As far as structure is concerned, my interviewer had a list of prepared questions that she constructed from both my personal statement and my extracurricular list. She adapted and modified her questions as the interview progressed and chose not to ask some questions she found unnecessary. She took detailed notes of my answers. Upon completion of the interview, the interviewer directed me to the location of my next meeting.
10:45 AM: Second Interview.
My second interview was located in the basement of the hospital and not in the medical school itself. It was conducted by a pediatrician who specialized in emergency medicine. The room was a bit cramped, but she said that there was some flooding and that was why everything was somewhat disorganized. My interviewer again asked me about my general background and what brought me to medicine. She also wanted to know how I approached schoolwork and what kind of study habits I had. I was then asked what I thought health care would be like in ten years. Following that question, she asked me what I thought some if the problems were in the current health care system. Following the same trend of questioning, my interviewer then asked me what I thought of personal responsibility in relation to emergency medicine. At the end of the questioning, I was again given the opportunity to ask my own questions. I took this time to ask about student research. My interviewer happened to be in charge of hiring student researchers in her department, so she was more than happy to elaborate on the opportunities available.
The structure of the second interview was moderately informal, but it was a little less personal than the first interview. My interviewer had looked over my application packet beforehand, but she neither prepared any questions, nor did she take notes during the interview. At the end of the interview, I was shown the way back to the admissions office.
11:30 AM: Orientation.
At this point, all of the applicants met in the student lounge again. We then traveled as a group to the orientation site. In my case, the orientation was conducted in the research building, but we were told that it was not the usual site. During orientation we were given quick presentations by representatives of the administration, the financial aid office, and the office of medical education. We then were given a free catered lunch and met with second year medical students. The medical students gave a quick presentation on the student lifestyle and then gave us a tour of the medical school. The medical students were really helpful and were open to any questions. At the conclusion of the tour, the applicants who had morning interviews were allowed to go leave. This was at 1:45 PM for me.
The atmosphere at Umass Medical is very relaxing and inviting. Everyone on campus was really nice and helpful.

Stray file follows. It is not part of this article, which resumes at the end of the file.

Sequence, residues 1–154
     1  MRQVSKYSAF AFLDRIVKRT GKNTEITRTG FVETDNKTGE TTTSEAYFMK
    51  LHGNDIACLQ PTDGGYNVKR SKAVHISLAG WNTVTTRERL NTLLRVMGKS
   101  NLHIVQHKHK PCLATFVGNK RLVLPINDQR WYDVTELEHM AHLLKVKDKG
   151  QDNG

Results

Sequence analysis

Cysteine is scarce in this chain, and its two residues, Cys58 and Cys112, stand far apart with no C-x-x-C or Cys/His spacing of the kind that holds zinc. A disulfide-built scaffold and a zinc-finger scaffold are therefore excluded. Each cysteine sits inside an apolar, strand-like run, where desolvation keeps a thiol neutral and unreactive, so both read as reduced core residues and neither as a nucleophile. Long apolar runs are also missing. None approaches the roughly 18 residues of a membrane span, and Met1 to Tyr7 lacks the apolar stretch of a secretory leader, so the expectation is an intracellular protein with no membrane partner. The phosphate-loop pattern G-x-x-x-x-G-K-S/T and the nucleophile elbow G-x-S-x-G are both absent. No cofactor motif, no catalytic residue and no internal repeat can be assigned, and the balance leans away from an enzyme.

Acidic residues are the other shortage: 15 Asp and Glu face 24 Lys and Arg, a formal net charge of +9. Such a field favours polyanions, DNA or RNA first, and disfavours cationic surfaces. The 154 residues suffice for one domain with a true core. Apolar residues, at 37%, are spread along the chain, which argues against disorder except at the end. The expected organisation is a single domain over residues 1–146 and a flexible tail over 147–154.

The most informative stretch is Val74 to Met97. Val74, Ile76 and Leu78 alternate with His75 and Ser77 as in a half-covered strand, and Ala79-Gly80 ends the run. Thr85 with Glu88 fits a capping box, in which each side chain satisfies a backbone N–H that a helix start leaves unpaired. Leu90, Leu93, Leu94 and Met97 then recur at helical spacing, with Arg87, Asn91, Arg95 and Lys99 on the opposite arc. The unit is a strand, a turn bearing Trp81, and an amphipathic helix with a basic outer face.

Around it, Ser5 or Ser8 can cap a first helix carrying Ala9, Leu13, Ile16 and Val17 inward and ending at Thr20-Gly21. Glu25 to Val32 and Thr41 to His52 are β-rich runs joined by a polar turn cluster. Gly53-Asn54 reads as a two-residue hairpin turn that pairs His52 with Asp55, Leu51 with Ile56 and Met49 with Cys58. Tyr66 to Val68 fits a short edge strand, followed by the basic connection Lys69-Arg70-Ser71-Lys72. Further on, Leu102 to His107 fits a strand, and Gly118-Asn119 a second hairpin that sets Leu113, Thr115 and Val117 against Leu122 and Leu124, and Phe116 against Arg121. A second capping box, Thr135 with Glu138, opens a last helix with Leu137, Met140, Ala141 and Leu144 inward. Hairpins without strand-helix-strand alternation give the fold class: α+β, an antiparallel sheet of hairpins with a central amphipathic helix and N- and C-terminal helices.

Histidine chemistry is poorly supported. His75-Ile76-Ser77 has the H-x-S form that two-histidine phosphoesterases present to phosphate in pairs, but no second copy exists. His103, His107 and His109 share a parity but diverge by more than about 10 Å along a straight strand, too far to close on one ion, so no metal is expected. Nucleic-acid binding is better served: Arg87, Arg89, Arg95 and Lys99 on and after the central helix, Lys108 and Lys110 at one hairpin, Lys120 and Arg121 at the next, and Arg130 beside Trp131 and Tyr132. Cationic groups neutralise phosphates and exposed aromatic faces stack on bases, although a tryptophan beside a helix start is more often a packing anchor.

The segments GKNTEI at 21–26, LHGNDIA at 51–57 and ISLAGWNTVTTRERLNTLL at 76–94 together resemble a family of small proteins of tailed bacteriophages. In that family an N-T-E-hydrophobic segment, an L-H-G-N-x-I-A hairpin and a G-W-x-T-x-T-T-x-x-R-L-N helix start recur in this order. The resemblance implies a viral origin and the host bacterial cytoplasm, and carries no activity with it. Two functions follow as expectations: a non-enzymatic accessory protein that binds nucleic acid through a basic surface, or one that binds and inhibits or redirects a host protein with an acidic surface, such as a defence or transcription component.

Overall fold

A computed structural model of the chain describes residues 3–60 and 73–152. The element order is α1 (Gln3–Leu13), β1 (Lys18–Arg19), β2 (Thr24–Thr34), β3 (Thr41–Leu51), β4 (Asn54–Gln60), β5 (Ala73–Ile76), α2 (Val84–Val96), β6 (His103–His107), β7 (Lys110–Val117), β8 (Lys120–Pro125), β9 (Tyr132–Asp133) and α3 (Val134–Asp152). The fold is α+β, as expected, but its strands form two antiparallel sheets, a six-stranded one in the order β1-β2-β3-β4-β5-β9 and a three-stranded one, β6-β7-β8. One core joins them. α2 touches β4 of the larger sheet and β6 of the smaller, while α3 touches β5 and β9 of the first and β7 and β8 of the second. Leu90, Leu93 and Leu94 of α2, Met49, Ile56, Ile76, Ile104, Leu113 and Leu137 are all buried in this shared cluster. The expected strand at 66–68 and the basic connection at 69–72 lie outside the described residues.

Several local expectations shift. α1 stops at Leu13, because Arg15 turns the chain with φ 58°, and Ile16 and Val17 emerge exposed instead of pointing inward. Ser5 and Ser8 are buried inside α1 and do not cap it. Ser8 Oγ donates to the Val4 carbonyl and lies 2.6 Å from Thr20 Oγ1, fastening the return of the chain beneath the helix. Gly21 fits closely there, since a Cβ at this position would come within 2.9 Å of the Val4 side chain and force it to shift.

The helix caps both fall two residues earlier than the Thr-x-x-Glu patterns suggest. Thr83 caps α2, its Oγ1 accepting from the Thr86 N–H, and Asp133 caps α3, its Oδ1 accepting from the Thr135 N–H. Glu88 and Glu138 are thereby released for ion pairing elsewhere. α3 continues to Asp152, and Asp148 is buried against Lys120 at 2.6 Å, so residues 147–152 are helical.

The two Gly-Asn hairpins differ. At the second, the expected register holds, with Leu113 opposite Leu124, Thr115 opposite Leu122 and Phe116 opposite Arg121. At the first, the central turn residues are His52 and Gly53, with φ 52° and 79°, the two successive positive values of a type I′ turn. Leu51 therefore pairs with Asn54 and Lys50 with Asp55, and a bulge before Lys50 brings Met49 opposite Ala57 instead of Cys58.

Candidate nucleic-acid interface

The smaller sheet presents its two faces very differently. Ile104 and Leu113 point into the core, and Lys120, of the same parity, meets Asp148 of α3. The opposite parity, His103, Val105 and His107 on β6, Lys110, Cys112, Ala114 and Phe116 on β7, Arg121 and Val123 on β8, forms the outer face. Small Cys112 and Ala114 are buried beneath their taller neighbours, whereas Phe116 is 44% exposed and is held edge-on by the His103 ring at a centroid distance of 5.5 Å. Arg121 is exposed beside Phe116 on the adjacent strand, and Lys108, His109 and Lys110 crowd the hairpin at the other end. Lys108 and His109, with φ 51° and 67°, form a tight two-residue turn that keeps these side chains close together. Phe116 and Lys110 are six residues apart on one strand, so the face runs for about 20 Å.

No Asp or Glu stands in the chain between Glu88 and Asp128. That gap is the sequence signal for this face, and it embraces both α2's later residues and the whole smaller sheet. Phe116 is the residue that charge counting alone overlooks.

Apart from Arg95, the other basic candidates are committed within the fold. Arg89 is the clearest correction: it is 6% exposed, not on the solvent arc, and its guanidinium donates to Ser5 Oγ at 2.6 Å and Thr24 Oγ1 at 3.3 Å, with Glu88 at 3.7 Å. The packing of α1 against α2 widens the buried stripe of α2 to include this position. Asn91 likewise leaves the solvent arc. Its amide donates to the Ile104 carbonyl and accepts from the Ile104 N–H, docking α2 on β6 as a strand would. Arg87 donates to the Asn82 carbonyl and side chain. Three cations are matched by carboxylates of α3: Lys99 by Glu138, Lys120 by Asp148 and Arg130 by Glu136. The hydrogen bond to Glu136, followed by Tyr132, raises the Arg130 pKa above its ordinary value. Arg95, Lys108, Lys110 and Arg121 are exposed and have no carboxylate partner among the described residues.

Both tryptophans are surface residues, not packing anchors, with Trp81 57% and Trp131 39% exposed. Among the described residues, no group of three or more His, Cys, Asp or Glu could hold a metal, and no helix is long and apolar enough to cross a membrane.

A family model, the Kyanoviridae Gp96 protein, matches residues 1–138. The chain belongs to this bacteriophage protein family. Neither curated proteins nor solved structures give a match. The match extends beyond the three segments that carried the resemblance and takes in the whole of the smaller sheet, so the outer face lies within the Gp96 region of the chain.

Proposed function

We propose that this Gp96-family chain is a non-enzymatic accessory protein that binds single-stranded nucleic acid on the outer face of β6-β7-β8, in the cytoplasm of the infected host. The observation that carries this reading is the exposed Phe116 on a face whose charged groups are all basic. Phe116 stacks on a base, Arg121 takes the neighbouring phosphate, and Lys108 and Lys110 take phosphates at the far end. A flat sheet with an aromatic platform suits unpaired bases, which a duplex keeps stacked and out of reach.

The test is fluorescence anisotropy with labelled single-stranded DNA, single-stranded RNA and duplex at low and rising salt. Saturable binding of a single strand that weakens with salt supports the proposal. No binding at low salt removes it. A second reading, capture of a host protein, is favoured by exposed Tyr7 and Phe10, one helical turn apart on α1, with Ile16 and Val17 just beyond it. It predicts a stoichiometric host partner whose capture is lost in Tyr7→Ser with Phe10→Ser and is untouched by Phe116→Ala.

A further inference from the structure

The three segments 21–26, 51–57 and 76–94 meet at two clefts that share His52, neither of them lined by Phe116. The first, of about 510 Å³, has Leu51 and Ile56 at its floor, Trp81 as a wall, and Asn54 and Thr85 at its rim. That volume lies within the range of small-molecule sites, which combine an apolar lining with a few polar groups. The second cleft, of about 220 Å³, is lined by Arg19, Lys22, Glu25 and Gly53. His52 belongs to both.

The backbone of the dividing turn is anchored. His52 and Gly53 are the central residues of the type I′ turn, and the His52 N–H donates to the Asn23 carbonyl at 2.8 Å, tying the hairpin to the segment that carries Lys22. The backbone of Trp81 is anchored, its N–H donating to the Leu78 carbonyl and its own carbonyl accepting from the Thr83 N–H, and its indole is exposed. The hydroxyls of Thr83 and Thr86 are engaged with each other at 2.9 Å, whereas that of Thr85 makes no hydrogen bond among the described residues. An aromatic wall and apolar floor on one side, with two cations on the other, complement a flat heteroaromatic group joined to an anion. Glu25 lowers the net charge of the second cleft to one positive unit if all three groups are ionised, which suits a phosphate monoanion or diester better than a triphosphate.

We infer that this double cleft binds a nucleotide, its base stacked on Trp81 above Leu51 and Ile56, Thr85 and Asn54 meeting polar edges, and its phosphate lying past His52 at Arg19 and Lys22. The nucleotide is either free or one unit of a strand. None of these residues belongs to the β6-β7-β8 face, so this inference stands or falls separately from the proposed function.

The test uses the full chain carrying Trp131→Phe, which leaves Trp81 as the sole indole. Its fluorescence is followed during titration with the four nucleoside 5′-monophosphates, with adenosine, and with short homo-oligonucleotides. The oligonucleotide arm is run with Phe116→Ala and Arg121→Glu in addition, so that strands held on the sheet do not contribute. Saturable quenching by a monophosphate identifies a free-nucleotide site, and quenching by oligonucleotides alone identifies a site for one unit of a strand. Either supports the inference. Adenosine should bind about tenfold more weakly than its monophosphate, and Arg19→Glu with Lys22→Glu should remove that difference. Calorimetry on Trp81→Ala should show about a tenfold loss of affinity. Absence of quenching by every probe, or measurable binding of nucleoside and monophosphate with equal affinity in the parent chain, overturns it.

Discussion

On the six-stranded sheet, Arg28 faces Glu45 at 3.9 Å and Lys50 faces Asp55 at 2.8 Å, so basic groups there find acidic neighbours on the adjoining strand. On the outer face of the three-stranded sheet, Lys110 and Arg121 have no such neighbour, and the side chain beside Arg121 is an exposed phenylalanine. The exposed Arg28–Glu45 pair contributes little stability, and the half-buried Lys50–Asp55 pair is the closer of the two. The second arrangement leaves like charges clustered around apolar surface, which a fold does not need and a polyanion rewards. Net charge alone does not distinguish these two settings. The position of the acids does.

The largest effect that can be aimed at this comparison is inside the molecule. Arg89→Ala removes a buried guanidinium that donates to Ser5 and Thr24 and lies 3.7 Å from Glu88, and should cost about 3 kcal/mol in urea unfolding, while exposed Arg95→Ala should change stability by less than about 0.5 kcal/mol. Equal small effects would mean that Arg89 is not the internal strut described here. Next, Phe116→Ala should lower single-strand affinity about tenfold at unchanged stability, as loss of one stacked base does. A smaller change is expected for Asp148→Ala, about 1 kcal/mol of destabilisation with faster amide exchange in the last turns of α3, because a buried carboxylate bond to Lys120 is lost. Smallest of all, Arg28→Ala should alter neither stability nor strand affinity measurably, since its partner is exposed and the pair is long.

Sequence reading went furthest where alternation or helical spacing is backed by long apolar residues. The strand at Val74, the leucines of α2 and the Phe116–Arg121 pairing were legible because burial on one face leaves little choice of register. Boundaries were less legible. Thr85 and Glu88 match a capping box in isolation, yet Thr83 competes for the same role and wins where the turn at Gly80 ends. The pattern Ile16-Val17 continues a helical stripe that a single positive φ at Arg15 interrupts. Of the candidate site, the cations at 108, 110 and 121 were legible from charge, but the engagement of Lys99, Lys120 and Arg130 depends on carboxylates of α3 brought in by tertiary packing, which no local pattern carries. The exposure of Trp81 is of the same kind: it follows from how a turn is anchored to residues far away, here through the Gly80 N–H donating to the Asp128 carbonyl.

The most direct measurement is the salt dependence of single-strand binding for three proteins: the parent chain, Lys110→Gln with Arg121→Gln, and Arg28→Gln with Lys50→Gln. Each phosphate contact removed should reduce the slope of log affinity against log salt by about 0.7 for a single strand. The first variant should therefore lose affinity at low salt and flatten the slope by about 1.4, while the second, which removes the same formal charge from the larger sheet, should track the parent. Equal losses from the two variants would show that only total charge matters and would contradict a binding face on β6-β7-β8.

Each interview only lasts 30 minutes. This time flies by.
All of the applicants wore suits.
You will be there with applicants from Yale, Harvard, Notre Dame, etc. Do not let them intimidate you. You have as much of a chance, if not better, as they do.
Do not be afraid to ask questions. The more questions you ask, the more interested you seem.
I stayed at a local hotel the night before the interview. This worked out extremely well because I was able to find the room the night before and it was only a 15 minute walk versus an hour and a half drive.
Do not appear arrogant. I was with an applicant from Harvard that thought he walked on water and could turn water into wine. No one liked him.
I don't know if it was much of an interview. We just shot the breeze.
Saturday, February 18, 2012
Starting in 2015, the MCAT is going to be changed dramatically. After meeting for three years, the 21 person advisory panel has approved a new MCAT, calling it, "A better test for tomorrow's doctors." The new test will keep most of the content of the old test with the exception of the writing section. Apparently, the committee finally realized that being able to write a persuasive essay on the merits of studying abroad did not necessarily correlate with your ability to practice medicine.
However, the writing section is not being eliminated without a replacement. A new testing section called "Psychological, Social, and Biological Foundations of Behavior" will replace the writing section. This component is set to include topics of psychology, sociology, and the biological implications associated with each topic. The goal of this new section is to create doctors that are knowledgeable of the socio-economic and mental status of their patients.